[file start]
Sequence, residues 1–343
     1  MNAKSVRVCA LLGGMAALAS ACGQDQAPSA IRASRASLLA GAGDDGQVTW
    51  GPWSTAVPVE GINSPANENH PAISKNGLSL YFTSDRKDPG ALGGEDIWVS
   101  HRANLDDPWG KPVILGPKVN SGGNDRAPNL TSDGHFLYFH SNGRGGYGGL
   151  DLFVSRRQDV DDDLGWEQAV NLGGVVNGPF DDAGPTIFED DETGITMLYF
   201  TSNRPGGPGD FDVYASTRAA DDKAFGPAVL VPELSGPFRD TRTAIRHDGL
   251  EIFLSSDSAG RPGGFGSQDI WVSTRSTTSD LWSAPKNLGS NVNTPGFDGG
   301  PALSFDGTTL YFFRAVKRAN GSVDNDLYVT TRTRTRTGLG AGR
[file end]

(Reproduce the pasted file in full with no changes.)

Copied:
Sequence, residues 1–343
     1  MNAKSVRVCA LLGGMAALAS ACGQDQAPSA IRASRASLLA GAGDDGQVTW
    51  GPWSTAVPVE GINSPANENH PAISKNGLSL YFTSDRKDPG ALGGEDIWVS
   101  HRANLDDPWG KPVILGPKVN SGGNDRAPNL TSDGHFLYFH SNGRGGYGGL
   151  DLFVSRRQDV DDDLGWEQAV NLGGVVNGPF DDAGPTIFED DETGITMLYF
   201  TSNRPGGPGD FDVYASTRAA DDKAFGPAVL VPELSGPFRD TRTAIRHDGL
   251  EIFLSSDSAG RPGGFGSQDI WVSTRSTTSD LWSAPKNLGS NVNTPGFDGG
   301  PALSFDGTTL YFFRAVKRAN GSVDNDLYVT TRTRTRTGLG AGR